As for Dex’s story itself, like many things in Daredevil it’s built on a lazy foundation of clichés and yet elevated by some interesting details and a great performance from Wilson Bethel. For whatever pseudo-scientific reason this show wants to cook up (orphaned at a young age, mental health issues, etc.), Dex never developed a sense of empathy or an ability to tell right from wrong. He murdered his beloved baseball coach for benching him during a game and threatened to do the same to his beloved therapist in order to punish her for contracting a fatal disease. Her dying advice to teenage Dex is to find a moral “north star” to guide his suggestible nature, which is why he’s been stalking Julie, who he knew from his time working at a suicide prevention hotline. The most interesting thing about all that backstory is how it recontextualizes Dex’s present day behavior. Now that we know his therapist explicitly taught him to say “that must be hard for you” when someone mentions a hardship, it’s really unnerving to watch him drop it in casual conversation—which he does before botching his first date with Julie.


What makes Dex so interesting and so terrifying is the fact that he’s been able to mask his core psychopathy with a structured life that allows for occasional bursts of FBI-sanctioned violence. It’s a smart commentary on the way that people—but especially attractive white men—are able to take advantage of positions of authority as outlets for their dark natures. Dex’s childhood trauma is also a fascinating foil for Fisk’s own childhood trauma, which, again, was a big part of season one that the show wants you to remember without much hand holding. As a kid, Fisk murdered his abusive father and then worked with his mother to chop up the body and dispose of it. That’s a dark, twisted, rage-filled story that’s similar to, but also different than Dex’s. Superhero stories are often strongest when their heroes and villains mirror each other in some way. In addition to doing that, Daredevil’s third season also offers two villains who mirror each other as well. That leaves lots of thematic potential for the season to explore over its next eight episodes.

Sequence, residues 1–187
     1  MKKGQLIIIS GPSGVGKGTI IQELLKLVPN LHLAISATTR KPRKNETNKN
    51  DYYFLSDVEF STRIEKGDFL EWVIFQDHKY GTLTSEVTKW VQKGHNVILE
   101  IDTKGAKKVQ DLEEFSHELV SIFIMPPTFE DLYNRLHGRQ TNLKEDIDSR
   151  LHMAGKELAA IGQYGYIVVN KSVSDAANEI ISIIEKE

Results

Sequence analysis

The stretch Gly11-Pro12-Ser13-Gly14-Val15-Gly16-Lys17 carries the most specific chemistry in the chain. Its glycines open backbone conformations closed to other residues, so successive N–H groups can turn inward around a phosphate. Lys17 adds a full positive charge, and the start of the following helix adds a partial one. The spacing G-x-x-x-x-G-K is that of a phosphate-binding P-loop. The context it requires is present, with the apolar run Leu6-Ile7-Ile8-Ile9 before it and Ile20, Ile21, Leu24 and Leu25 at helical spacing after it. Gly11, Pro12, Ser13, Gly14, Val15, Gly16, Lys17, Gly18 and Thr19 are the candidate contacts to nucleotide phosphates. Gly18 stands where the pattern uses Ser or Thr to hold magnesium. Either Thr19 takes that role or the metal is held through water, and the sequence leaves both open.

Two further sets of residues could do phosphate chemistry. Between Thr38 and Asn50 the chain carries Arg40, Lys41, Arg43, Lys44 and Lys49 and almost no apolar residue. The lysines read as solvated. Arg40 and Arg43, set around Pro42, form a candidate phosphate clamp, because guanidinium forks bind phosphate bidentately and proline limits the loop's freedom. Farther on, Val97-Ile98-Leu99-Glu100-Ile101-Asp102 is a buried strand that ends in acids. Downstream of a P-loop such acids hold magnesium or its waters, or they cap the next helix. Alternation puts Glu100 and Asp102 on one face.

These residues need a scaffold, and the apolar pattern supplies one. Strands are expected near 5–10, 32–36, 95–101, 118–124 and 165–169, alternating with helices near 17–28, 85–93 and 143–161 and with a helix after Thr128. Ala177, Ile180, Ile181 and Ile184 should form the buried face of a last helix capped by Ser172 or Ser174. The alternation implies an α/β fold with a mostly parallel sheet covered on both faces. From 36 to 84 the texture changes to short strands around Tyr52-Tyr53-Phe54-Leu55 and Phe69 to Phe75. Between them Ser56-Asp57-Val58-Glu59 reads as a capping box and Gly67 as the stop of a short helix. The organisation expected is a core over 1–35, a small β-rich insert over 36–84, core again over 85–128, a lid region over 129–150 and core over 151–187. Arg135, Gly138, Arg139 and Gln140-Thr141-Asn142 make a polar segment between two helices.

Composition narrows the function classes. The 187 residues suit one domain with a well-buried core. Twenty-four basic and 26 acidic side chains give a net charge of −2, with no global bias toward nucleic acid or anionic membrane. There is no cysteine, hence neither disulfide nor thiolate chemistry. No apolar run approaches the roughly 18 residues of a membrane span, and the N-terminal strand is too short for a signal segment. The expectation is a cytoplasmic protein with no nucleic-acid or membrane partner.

Stray observations

  • I wish genre TV shows and movies would stop labeling their villains with real-world personality disorders and mental health conditions (Dex’s therapist notes that he has Borderline Personality Disorder in addition to psychopathic tendencies). It doesn’t add anything to our understanding of the character and only further stigmatizes real people with the same conditions.
  • Until this episode I definitely didn’t realize that Matt had never been declared dead. That makes all his recent secretive behavior (including his decision to pose as Foggy at the prison rather than just going as himself) seem really bizarre.
  • Karen tracks down Fisk’s “fixer” Felix Manning, who turns the tables on her by dredging up her old demons. He also implies that her brother Kevin was a drug addict, which factored into his death.
  • This episode references Bullseye’s comic book look by placing a bullseye logo on young Dex’s baseball cap. Clever.
  • Probably the most interesting moment in Dex’s clichéd backstory was the calm way his therapist handled teenage Dex’s threat of violence. Heidi Armbruster turns in a great performance in a small but memorable role.
  • Another student film moment: The dramatic spinning camera that indicates Dex’s carefully manicured world is falling apart.
  • “I brought an audiobook.”

Contributor, The A.V. Club. Caroline Siede is a pop culture critic in Chicago, where the cold never bothers her anyway. She loves sci-fi, Jane Austen, and co-hosting the movie podcast, Role Calling.